Wilmington Golf Course

Fifth hole, 360 yards; Nothing overtly complicated about the hole, nonetheless it shows the range in difficulty that the course can be set up. The green is open in front and with the hole location on the front or left portions, the daily player can expect a par. However, when the City Championship rolls around, the hole locations are invaraibly on the back and right side of the green. Many participants mistakenly fly their approach shot all the way onto the green only to see it take a couple of bounces and go over, from where a shot is likely to be dropped.

The 5th hole looks simple from here but given the firm playing conditions, the golfer doesn’t need to clear this bunker by much on his approach. Also…

…right or long of the 6th green leaves a difficult recovery.

Seventh hole, 345 yards; Wilmington Golf Course benefits from gently rolling topography and in the case of the 7th hole, there is a bunker at the 230 yard mark that is invisible from the tee. While many a public golfer might cry ‘Foul!’ based on having a blind fairway bunker, it does make the hole. Plus, it shows that the powers behind the restoration project never wavered about reconstructing this bunker to its original depth.

The tee ball on the 7th must fit between the bunker above and the sandy area on the far side of the fairway.

Eighth hole, 145 yards: Perhaps the prettiest hole on the course, this little beaut is tucked into a corner of the property. Four bunkers surround the green and make the green a hit or miss proposition, which is reasonable on a hole of this length.

The forward bunker was faithfully restored and makes depth perception tricky at the 8th.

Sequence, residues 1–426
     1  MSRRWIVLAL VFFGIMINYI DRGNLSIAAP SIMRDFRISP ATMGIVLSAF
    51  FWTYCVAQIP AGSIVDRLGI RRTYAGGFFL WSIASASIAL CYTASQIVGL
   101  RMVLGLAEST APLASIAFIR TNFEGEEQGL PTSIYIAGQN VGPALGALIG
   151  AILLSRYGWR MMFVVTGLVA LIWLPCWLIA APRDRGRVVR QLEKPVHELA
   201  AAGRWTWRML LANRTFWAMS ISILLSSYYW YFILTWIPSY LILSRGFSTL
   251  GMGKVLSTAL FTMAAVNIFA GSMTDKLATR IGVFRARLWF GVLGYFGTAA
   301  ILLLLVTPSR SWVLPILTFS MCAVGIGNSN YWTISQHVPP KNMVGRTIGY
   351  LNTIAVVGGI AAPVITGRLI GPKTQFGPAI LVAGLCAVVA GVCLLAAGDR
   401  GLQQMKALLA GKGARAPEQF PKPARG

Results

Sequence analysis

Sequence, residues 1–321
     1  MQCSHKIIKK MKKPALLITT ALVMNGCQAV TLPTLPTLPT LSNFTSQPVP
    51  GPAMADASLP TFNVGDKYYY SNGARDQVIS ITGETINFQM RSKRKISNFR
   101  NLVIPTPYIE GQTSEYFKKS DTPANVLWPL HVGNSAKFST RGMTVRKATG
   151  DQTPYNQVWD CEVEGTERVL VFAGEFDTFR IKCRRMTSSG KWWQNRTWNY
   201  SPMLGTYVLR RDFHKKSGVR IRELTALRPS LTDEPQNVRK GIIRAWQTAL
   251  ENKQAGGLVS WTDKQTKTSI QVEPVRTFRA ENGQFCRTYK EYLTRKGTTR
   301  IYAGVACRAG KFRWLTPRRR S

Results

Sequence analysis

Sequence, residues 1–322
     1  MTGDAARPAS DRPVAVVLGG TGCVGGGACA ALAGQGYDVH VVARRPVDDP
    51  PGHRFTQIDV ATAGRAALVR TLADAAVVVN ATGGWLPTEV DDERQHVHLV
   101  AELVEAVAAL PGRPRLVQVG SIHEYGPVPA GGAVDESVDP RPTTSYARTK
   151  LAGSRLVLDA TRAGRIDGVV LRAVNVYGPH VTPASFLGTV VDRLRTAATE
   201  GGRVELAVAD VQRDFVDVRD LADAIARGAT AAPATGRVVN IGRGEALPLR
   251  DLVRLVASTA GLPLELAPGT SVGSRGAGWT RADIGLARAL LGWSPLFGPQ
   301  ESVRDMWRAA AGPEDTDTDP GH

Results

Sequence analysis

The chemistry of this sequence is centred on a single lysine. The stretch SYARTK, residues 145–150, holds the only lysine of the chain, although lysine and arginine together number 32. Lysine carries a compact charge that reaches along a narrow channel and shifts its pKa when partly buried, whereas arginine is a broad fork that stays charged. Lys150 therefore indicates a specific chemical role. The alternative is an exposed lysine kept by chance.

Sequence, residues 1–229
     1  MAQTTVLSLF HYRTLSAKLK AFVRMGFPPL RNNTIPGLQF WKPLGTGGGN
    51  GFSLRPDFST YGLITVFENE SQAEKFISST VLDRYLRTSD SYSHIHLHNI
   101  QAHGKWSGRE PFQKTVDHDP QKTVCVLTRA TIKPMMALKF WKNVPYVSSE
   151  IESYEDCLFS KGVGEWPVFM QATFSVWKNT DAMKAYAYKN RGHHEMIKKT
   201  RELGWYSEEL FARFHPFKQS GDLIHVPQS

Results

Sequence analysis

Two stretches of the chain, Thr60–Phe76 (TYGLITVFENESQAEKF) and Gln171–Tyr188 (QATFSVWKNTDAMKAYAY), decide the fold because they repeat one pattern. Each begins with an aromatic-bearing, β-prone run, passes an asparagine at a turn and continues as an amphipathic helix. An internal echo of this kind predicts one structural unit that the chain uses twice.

This four foot deep bunker stretches the length of the right side of the 8th green.

Tenth hole, 405 yards; Similar to the parallel 1st hole,a four foot ridge bisects the fairway at the 240 yard mark and many a tee ball dies into its slope. The approach must clear an array of diagonal bunkers (which are pictured at the start of this course profile).

Seventeenth hole, 350 yards; Sandwiched between the 240 yard 16th and the 430 yard eighteenth, the seventeenth may appear as welcome relief but a bogey is just as likely here if the golfer stops thinking for one minute.

The ideal angle into the 17th green is protected by these two bunkers.

When Devane originally sent his Descriptive Plan of Action to the City, Prichard made sure that the plan was morecomplete in scope than just the bunker work that the City had approved. By doing so, Prichard hoped that perhaps the City would not look at the bunker project as all that was needed and that over time, the City may elect to do more.

While no work is being considered in the near immediate future, hopefully the City will consider expanding the greens back to their original size. Many have shrunk,and collectively the greens don’t possess as much short game interest as is normally associated with a Ross course (save for the grainy Bermuda greens, which require plenty of local knowledge). Several interesting hole locations could be perhaps re-introduced just by mowing further out on the green fill pad.

Though the mighty 18th hole provides a fitting finish, this picture is indicative of how the greens have shrunk in size and have pulled back from the greenside bunkering.

Regardless of whether additional restoration work is carried out, the muncipal golf course at Wilmington reminds the American golfer that good golf need not be expensive. The next time you receive your six hundred dollar monthly club bill, ask yourself how much of it is going to over-watering your course … or planting ornamental trees… or over maintaining the non-playing areas. Then, drive to Wilmington Golf Course, plop down the out-of-town fee of $14.00 for 18 holes, and go have fun playing golf the way it is meant to be.

The End